One track that helps to show off the talents of Norman Morrison and Terry Kincannon is the song “Son Shine”. The track features only two guitars as the duo creates a track that would remind many of the style of Crosby, Still and Nash. And with only guitars and no drums or bass, the acoustic feel to the Folk-like track makes the listener nostalgic for the music of the seventies.  

Beneath the Redwoods from Morrison Kincannon is a time capsule of sorts as the music included in the album brings back the feel of the Soft Rock style of music as well as other styles from the seventies that would have helped to create entire radio formats that would become popular for years to come. For those who enjoy Easy Listening music, this is definitely one album that needs to be included in your current musical playlist. Fans of Christopher Cross, James Taylor, America and other Easy Listening artists from that era will absolutely enjoy this release. And for fans of extended jam-like songs, the album includes plenty of those tracks, as well.

While the world lost a good musical ensemble back in the seventies when both Norman Morrison and Terry Kincannon decided to set their music careers aside for family and other reasons, it can now enjoy what could have been with the release of this fantastic collection of fifteen tracks from the duo. As you listen to the entire album of music that is included on Beneath the Redwoods, the music alternates between groove-based songs that bring to mind the more progressive feel of music from the seventies and the lighter tracks that would have been right at home on AM Radio at the time. With this release from Morrison Kincannon, the combination of the two mindsets forms an album that will bring the listener right back in time. It may be many years after Norman Morrison and Terry Kincannon had created their music, but now is the time to discover what you never knew you had missed.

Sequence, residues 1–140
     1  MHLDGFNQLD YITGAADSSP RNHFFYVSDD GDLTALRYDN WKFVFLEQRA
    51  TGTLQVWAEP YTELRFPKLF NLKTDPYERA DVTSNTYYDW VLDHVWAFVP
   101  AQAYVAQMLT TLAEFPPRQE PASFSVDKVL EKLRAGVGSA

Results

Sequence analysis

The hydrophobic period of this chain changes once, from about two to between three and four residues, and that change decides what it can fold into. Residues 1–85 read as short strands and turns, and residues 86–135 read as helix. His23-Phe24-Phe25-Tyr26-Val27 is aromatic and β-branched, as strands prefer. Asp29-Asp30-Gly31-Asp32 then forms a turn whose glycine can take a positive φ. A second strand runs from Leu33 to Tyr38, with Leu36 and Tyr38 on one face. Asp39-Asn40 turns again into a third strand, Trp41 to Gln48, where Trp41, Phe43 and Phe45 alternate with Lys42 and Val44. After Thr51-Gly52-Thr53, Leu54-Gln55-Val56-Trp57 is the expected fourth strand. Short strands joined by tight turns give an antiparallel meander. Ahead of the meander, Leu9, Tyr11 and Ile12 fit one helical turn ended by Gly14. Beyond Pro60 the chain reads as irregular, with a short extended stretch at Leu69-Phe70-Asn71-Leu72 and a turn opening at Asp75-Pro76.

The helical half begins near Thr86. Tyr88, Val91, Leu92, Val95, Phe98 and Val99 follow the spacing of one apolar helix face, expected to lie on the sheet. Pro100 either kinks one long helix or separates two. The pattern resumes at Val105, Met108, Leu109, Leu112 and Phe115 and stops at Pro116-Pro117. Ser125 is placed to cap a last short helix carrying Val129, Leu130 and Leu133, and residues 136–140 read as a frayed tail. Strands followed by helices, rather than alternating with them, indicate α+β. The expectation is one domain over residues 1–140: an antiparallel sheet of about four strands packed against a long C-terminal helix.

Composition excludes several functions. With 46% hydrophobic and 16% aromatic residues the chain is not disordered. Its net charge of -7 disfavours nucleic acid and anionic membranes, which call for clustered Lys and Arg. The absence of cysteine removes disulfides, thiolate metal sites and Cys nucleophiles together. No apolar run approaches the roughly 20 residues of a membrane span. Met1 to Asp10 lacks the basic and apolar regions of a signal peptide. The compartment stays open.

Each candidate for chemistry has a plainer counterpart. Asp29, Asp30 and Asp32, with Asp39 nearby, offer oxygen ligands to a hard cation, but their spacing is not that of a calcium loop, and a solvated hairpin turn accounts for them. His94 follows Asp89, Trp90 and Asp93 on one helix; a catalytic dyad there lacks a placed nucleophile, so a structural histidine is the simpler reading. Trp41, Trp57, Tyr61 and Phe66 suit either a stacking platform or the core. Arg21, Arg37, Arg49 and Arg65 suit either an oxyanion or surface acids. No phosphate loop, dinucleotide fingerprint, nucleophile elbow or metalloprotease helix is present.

To experience the music of Morrison Kincannon, check out the very track that inspired this album, “To See One Eagle Fly”.  

For more information, check out the PR firm for Norman Morrison, Whiplash PR by clicking on the company’s logo below:






Also check out the record label for the album, Spacetalk.  

To check out the Beneath the Redwoods album from Morrison Kincannon, click on the album cover below: 



“Music is at the core of our being. Can you imagine a woman rearing a child and not humming to it? It's as natural as breathing.”

Just in case you haven’t already been listening over the past sixty-some-odd years, Eagle Rock Entertainment’s grand new Produced By George Martin documentary demonstrates once again, via a wealth of vintage clips and contemporary interviews with clients past (Paul McCartney, Cilla Black, Jeff Beck, Bernard Cribbins even) and protégés present-day (Rick Rubin, T-Bone Burnett) the sheer magnitude of the man’s sonic innovations on, and indelible contributions to, the music industry. Or what remains of it, I should say.

All of which got this Rock and Roll Reporter thinking, for not the first time mind you, what exactly our aural lives would have, could have been like in, dare I even imagine it…


Deep Manalishi and Manalishi Purple were considered, but Black Manalishi was born